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Will day-night Tests pull crowds?

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One of the boldest steps taken by the ICC recently was the approval of day-night tests. I say bold because in general people are hesitant to change and especially change to a tradition which has been followed ever since the inception of the game.

With T20 games becoming extremely popular amongst fans, there has been a worry whether Test cricket still holds a place in this day and age. Players still feel that Test cricket is the ultimate judge of their skill. There are fans that still love the ‘purest’ form of the game over any of the limited versions, but receding crowds in most of the Test venues across the world has added to the fears.

I feel the way the world is moving on right now, it would be really hard to expect a large crowd in most venues during Test matches. It is really harsh to expect people to skip working days to come and watch an entire day’s play. We are heading into an era where we will have more and more fans following the game online rather than coming to the stadium to watch the game. I remember during the 1st Test between Australia and India at Mohali in 2010, when Laxman was playing one of his epic rear-guard innings, the number of viewers following the game on a particular website was too much for the website to handle causing it to crash. Yes it is sad that the crowds at the stadiums have reduced, but I don’t think the number of followers have. We have an increasing number of people who keep a tab open on the browser and follow the game ball by ball live. Maybe that would give us a real indicator how much Test cricket is being followed around the world.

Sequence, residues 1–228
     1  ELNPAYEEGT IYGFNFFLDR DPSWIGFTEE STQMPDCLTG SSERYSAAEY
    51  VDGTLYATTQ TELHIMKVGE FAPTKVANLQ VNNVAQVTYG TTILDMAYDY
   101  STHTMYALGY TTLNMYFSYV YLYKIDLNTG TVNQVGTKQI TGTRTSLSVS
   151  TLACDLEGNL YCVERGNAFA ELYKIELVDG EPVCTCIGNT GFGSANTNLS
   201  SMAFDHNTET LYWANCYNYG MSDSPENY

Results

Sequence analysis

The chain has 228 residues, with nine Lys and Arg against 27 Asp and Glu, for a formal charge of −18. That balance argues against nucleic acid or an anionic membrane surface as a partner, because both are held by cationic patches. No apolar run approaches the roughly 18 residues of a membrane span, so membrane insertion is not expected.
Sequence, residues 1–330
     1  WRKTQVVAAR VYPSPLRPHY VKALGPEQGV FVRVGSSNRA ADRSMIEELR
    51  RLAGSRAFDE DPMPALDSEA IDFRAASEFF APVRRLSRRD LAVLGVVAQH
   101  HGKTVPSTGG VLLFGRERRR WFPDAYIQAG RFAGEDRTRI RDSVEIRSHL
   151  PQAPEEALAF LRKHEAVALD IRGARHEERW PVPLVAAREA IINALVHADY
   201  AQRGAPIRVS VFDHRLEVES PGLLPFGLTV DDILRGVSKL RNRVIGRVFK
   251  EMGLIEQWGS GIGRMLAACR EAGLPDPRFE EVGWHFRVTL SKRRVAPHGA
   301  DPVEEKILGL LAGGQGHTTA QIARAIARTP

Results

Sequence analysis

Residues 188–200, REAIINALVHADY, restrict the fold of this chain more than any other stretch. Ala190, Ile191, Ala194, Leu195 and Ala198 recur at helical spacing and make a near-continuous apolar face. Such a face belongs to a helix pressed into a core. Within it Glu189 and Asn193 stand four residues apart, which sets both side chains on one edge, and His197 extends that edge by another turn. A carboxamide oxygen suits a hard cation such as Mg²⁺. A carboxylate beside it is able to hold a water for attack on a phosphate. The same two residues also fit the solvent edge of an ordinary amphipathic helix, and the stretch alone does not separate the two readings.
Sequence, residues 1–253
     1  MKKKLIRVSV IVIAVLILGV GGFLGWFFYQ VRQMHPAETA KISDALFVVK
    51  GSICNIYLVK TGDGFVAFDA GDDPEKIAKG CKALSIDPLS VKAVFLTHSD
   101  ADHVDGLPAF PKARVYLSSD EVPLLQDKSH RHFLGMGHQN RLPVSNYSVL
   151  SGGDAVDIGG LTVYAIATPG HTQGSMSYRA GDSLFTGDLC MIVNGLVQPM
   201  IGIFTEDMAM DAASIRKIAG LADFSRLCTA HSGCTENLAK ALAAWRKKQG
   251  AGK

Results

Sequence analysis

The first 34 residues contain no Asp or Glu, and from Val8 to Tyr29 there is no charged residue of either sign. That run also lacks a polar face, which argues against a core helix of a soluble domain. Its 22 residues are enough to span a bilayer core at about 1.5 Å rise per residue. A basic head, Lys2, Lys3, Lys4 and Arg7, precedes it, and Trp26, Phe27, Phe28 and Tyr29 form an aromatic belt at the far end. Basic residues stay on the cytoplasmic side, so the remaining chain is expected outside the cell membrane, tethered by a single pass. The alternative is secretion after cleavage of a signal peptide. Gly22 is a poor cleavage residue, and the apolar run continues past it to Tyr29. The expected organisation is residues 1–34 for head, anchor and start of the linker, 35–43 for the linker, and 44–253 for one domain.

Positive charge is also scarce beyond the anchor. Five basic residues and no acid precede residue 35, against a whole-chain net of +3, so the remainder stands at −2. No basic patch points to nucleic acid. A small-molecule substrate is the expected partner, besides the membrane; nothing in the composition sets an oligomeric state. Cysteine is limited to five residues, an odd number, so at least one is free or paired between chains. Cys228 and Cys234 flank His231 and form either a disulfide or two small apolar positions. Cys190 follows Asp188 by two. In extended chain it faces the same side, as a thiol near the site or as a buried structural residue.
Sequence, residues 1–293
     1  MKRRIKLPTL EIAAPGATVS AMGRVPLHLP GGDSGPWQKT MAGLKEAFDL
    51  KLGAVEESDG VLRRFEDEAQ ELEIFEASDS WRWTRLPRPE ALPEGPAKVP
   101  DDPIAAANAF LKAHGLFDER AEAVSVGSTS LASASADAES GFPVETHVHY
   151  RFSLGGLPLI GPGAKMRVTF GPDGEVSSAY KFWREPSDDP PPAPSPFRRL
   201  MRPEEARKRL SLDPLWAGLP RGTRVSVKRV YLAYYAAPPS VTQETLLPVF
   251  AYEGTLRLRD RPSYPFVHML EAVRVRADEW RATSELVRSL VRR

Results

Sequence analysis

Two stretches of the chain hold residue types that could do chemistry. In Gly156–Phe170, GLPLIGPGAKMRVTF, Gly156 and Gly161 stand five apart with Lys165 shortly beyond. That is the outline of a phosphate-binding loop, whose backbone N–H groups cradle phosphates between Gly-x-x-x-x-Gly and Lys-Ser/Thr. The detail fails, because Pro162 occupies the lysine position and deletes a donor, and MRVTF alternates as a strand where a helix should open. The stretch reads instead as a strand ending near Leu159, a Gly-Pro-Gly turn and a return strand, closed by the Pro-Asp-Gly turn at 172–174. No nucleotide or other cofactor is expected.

Having said this, I feel the decision of the ICC to allow day-night Tests is a good one. For one, it may add a new perspective to the game, with the game starting at dusk and then extending into the night. The way the batsmen cope with the gradually changing conditions would be really interesting to observe. It can also bring in a lot more spectators to the game as well. People returning from their offices can go and watch the game as well. But there are a lot of issues that need to be dealt with before implementation at the international level. The colour of the ball has been a major discussion. Pink balls have been tested and seem to be successful but until we have a large enough sample size we won't be able to pass any judgment. Another problem they will have to look into is venues where day-night Tests can be accommodated. It will be pretty hard to do so in the subcontinent as the evening sets in, dew can provide undue advantage to the batting side. One way to look at the dew factor is that since it is a Test match, both teams will have to counter the dew while bowling unlike in ODIs where the side fielding second is at a disadvantage. But the fact is, with the dew,, spinners will find it hard to grip the ball and pitches in the subcontinent being heavily favoured for spin bowling, it could totally negate the effectiveness of a bowler.

With the advent of T20, it is going to be interesting how the next generations of cricketers are brought up. Will they adhere to the tradition of test cricket? Or will they just prefer playing the shortest format? It’s like driving a car, if you just want to drive a car, you can always opt for an automatic vehicle, but if you truly want to be a master of it, one has to learn how to shift gears according to the prevailing conditions.

In my younger days, nothing intrigued me more than waking up early on a cool wintery morning, sipping a cup of tea to watch a Boxing Day Test live. Maybe the time has come for a change. Maybe it is time to accept, that it will be hard to attract large crowds for test matches in the stadiums, but with growing technology we are heading into an age where we will have more followers online.



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